Melbourne Cafe Review: St. ALi

St ALi is an old skool member of the Melbourne specialty coffee fraternity, from what I can gather, anyway. The guy who started Seven Seeds did so after selling St ALi. It’s all pretty connected, but St. ALi is, if not the father of the scene, the uncle… Because it predates hipsters, I’d say its milieu is grungy, whatever you want to call it, it’s got character in spades. Nooks and crannies around an old shed/warehouse have been converted into dining spaces, the chairs are essentially found objects, old chairs, and planks of wood. It’s eclectic and classy. And it is famous for its coffee – in particular, the Champions Blend.

Like a bunch of other specialty coffee places, part of St ALi’s charter seems to be educating consumers so that they’ll enjoy the coffee experience a little bit more. The waitress was able to tell us a little bit more than average about the single origins they had on offer.

The coffee was pretty charming too, my flat white on the single origin Colombian La Pradera, carried the promised apple flavours through from the first sip to the aftertaste. It was light and bright.

The Champions Blend was pretty special both as a piccolo and as my standard double shot flat white.

We were in for breakfast – and my “Childhood Memory” – poached pear on pear and coconut bread with coffee marscapone and cinnamon dukkah. The dukkah was interesting, it was a little bit salty, which made the meal pop a little.

Wifey took on “My Mexican Cousin” a corn fritter dish with a bunch of Mexican charm.

The menu (pdf) is good humoured and varied, which is what I like in a cafe menu.

Perhaps tapping into Melbourne’s nominal origins, the city was originally dubbed Batmania, the St ALi logo on the menu is part of the charm.

St ALi has recently expanded its horizons, opening a store in the UK, and it is easy to see why. Both the cafe and the coffee was full of charm and character.


Melbourne Cafe Review: Market Lane

Depending on where you park, Market Lane is either at the front or the rear of the Prahran markets in South Yarra. The markets are a bit of a feast for the senses with delis, fruit shops, cheese stores and my favourites – Greek dessert and patisserie stores. So a specialty cafe that sets up in this sort of locale needs to be outstanding. Enter Market Lane.

Wow. I don’t think I’ve ever enjoyed a cafe’s aesthetic quite so much. Wooden benches, chalk boards, washed out colour and plenty of greys and whites… and dashes of colour.

The coffee was the star of the show though – I ordered a “coffee flight” which includes three pourovers from different origins, and followed up with a flat white. Their attention to detail was top notch, and my co-pilots, the parents of the friend we stayed with, had never had brewed coffee before and left incredibly impressed with the clarity of the flavours described on the beautifully designed take-home tasting cards.

The espresso based drinks were also pretty super, they came with vintage tea spoons, which again, were a nice touch.

We didn’t have any food here, and I’m not sure why you would with the range of options available just outside the door. But Market Lane was my favourite coffee stop, I really don’t understand why other cafes charge more for brewed and pourover coffees than they do for the standard espressos, but the $12 coffee flight is a bit of a steal, it kept our table of five pretty happy, and gave us the chance to sample some pretty exotic coffees at a bargain basement price.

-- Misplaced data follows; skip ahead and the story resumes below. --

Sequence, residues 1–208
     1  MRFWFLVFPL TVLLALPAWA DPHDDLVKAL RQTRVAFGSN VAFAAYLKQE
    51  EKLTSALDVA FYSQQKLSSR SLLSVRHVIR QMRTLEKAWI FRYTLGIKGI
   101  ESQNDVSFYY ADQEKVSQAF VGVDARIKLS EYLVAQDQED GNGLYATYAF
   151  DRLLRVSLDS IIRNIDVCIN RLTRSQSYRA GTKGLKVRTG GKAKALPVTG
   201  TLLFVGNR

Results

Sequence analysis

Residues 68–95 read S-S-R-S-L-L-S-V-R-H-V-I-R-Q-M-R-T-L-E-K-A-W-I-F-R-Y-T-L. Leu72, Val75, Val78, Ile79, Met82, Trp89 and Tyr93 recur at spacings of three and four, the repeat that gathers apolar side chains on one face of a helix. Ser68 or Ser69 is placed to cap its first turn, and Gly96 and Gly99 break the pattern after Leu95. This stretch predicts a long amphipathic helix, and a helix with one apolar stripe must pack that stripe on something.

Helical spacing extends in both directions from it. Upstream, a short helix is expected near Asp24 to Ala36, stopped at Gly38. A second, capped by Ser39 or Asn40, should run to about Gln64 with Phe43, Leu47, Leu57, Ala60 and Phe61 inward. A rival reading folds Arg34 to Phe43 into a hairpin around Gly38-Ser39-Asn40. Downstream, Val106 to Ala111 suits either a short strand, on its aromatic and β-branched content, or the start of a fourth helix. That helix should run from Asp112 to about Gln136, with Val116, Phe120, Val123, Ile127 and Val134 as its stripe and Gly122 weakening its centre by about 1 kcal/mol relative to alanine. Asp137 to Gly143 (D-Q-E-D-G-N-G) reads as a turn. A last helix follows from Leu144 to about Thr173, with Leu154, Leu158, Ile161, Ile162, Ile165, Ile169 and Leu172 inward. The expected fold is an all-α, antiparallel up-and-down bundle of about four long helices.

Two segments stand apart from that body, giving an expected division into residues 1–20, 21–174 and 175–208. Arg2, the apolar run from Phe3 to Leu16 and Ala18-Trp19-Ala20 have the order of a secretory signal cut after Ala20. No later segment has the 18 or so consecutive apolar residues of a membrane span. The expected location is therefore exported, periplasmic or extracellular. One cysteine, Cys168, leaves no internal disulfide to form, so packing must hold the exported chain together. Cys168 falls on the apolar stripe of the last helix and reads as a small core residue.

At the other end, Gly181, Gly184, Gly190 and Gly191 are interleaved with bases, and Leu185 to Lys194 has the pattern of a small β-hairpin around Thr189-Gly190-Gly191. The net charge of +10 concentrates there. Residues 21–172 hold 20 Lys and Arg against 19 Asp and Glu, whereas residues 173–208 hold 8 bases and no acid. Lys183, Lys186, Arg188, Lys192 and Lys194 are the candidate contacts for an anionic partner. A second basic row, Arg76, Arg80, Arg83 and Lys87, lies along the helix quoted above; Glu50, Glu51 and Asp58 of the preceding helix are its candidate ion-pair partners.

Melbourne Cafe Review: Seven Seeds

There’s a modern day axiom in choosing a cafe – if it’s popular with hipsters it’s likely to serve good coffee. You can tell if a cafe is popular with hipsters by checking out the apparel of the average punter, or looking for the presence of a “fixie” push bike. These don’t look much different to normal push bikes, to the untrained eye, but generally take the form of racing bikes reappropriated for use on the roads. The real mark of a fixie is the lack of hand controlled break, they’re the old skool “back pedal break” bikes.

The Seven Seeds Roastery takes the guess work out of the equation by proudly displaying some fixies on the wall. They also deliver on the axiomatic expectations with some tremendous coffee and a low-fi menu that delivers big taste with low fuss.

The grungy warehouse complete with peeling paint on brick wall is pretty breezy, we loved the high ceilings. It had a great vibe and was full of young trendy urbanites relaxing over Saturday brunch. With cheap (vegetarian friendly) food, great coffee, and a predilection for bicycles, this place is a hipster magnet.

Here’s a sampling of shots of our sampling of the menu (also, a repurposed ammunition box serves as the menu holder). The food was fresh and tasty, with great natural flavour combos.

This coffee lab, complete with coffee pot plants growing under lamps, is a bit of a coffee-geek’s delight.

So, the coffees… my single origin Guatamalan Finca La Soledad was fruity and I’d say a bit dark-cherryish in milk, the tasting notes on the pretty brilliant Seven Seeds website promises stone fruit and cocoa.

Their latte art was pretty special, the flavours of the house blend cut nicely through the milk, and temperature was not a concern. In all, this was a pretty solid, and almost spectacular, start to our Saturday morning in Melbourne. They, like a bunch of Melbourne coffee joints, are getting the most out of their shiny Synessos. The Synesso just edged out the Slayer for popularity in the cafes we checked out over our weekend.

Seven Seeds gets an honourable mention for the hot chocolate with latte art (you know what I mean) and solid chocolate stirring stick…


Creative design from the South

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